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Long-Term Ecological Research (LTER) in Coastal Ocean Ecosystems

Program Solicitation
NSF 03-599

NSF Logo

National Science Foundation

Directorate for Geosciences
     Division of Ocean Sciences

Full Proposal Deadline(s) (due by 5 p.m. proposer's local time):

January 13, 2004


General Information

Program Title:

Long-term Ecological Research (LTER) New

Synopsis of Program:

This is part of a continuing series of solicitations as part of the NSF's Long-Term Ecological Research Program (LTER) and is the third solicitation from the Directorate for Geosciences in support of the LTER Program. This solicitation seeks proposals to augment this nationally and internationally recognized research program, and to support long-term research in fundamental, interdisciplinary environmental science.

Cognizant Program Officer(s):

Please note that the following information is current at the time of publishing. See program website for any updates to the points of contact.

Applicable Catalog of Federal Domestic Assistance (CFDA) Number(s):

  • 47.050 --- Geosciences

Award Information

Anticipated Type of Award: Continuing Grant

Estimated Number of Awards: 1 to 3 averaging $810,000 per year for up to six years

Anticipated Funding Amount: $2,400,000 is the approximate total for first year of all awards pending the availability of funds and depending on the quality of proposals received

Eligibility Information

Organization Limit:

Proposals may only be submitted by the following:
  • U.S. universities and colleges, U.S. non-profit, non-academic organizations, and for-profit organizations are eligible to submit proposals under this program solicitation. Collaborative proposals must be submitted using the "single proposal" method as described in Chapter II, Section D.3.a. of the GPG.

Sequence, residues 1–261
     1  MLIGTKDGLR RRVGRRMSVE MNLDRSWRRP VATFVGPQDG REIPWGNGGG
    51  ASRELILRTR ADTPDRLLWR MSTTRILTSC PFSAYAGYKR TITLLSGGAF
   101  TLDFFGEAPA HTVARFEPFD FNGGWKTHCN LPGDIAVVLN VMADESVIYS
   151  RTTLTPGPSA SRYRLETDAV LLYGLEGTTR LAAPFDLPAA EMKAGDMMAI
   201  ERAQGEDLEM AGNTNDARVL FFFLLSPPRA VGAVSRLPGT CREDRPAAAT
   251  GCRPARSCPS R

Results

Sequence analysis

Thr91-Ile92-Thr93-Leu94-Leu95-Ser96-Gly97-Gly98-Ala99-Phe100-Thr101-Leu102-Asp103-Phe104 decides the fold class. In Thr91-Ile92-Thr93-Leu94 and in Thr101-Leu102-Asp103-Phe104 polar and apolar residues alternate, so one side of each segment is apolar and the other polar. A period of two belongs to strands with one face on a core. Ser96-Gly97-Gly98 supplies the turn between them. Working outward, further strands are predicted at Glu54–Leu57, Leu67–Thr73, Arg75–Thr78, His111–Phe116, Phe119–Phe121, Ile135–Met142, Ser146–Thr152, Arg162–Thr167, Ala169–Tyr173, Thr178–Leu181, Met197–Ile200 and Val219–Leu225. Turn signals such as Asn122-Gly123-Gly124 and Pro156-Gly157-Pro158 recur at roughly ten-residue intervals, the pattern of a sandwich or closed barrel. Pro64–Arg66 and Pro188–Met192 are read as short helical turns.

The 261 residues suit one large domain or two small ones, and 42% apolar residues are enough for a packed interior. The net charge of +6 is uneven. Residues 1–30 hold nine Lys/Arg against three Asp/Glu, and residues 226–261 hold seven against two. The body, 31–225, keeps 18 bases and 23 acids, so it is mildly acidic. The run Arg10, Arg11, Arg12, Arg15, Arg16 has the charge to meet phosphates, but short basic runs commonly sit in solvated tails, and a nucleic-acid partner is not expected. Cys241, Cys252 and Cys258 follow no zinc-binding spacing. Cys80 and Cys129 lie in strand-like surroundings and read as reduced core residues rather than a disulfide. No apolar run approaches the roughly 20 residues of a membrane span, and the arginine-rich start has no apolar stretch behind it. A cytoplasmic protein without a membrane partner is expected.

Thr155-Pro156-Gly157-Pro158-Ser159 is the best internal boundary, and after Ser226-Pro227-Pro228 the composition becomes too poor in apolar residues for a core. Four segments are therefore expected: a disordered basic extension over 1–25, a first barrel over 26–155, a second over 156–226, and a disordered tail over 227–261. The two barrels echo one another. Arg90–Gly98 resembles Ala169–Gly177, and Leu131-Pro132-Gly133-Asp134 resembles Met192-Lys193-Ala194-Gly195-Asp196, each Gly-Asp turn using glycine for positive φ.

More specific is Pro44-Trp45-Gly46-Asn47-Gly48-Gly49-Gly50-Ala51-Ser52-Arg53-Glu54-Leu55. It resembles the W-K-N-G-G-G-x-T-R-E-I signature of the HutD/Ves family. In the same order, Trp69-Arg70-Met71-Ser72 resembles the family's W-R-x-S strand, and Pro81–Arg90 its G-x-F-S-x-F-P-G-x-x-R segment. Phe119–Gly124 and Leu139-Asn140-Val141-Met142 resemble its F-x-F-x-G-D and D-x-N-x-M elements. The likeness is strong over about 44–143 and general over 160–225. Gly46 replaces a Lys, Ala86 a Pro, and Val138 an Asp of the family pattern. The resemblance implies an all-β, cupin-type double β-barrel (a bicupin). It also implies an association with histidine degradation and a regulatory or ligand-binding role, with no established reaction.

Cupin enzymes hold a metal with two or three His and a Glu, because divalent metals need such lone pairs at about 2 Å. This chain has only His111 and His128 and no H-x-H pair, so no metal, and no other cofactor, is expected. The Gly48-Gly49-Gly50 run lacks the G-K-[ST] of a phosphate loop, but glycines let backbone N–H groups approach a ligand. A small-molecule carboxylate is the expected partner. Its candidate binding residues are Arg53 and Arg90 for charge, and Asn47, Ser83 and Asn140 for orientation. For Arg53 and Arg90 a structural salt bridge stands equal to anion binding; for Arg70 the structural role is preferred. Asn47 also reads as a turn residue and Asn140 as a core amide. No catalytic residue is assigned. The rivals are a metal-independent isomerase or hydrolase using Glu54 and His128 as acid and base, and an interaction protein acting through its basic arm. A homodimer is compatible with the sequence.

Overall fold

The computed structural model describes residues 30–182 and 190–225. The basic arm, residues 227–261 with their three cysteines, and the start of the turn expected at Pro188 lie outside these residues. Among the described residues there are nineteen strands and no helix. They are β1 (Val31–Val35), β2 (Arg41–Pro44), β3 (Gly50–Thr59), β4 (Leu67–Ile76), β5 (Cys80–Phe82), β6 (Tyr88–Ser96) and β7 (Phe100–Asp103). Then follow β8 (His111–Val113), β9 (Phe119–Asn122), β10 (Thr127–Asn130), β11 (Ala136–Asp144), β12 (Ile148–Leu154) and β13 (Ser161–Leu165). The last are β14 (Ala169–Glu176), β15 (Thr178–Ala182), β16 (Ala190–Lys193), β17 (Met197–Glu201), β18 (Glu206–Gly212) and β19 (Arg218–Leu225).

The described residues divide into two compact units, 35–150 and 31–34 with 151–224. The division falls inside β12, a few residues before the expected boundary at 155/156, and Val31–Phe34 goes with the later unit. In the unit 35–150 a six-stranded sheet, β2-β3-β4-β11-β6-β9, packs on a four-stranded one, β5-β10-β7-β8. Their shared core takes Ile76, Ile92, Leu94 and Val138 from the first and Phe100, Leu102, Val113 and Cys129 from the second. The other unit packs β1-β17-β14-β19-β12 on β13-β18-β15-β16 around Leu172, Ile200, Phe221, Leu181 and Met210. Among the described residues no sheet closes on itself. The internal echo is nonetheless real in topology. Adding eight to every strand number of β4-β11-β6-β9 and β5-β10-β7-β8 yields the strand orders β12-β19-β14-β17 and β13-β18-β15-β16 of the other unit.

PI Limit:

None specified.

Limit on Number of Proposals per Organization:

None Specified

Limit on Number of Proposals per PI:

None Specified

Proposal Preparation and Submission Instructions

A. Proposal Preparation Instructions

  • Letters of Intent: Not Applicable
  • Preliminary Proposal Submission: Not Applicable
  • Full Proposal Preparation Instructions: This solicitation contains information that supplements the standard NSF Proposal and Award Policies and Procedures Guide, Part I: Grant Proposal Guide (GPG) proposal preparation guidelines. Please see the full text of this solicitation for further information

B. Budgetary Information

  • Cost Sharing Requirements: Cost Sharing is not required under this solicitation.
  • Indirect Cost (F&A) Limitations: Not Applicable
  • Other Budgetary Limitations: Other budgetary limitations apply. Please see the full text of this solicitation for further information.

C. Due Dates

  • Full Proposal Deadline(s) (due by 5 p.m. proposer's local time):

    January 13, 2004

Proposal Review Information Criteria

Merit Review Criteria: National Science Board approved criteria apply.

Award Administration Information

Award Conditions: Standard NSF award conditions apply.

Reporting Requirements: Standard NSF reporting requirements apply.


Summary of Program Requirements

  1. Introduction

  2. Program Description

  3. Award Information

  4. Eligibility Information

  5. Proposal Preparation and Submission Instructions
    1. Proposal Preparation Instructions
    2. Budgetary Information
    3. Due Dates
    4. FastLane Requirements

  6. NSF Proposal Processing and Review Procedures
    1. NSF Merit Review Criteria
    2. Review and Selection Process

  7. Award Administration Information
    1. Notification of the Award
    2. Award Conditions
    3. Reporting Requirements

  8. Agency Contacts

  9. Other Information


To enhance the scope and disciplinary breadth of the Long-Term Ecological Research (LTER) Network, the National Science Foundation (NSF) announces a competition for up to three (3) new LTER sites that focus on ecological systems in the coastal ocean; here meaning ecological systems from the shoreline outward on continental shelves and including the Laurentian Great Lakes, Congressionally defined as interior oceans.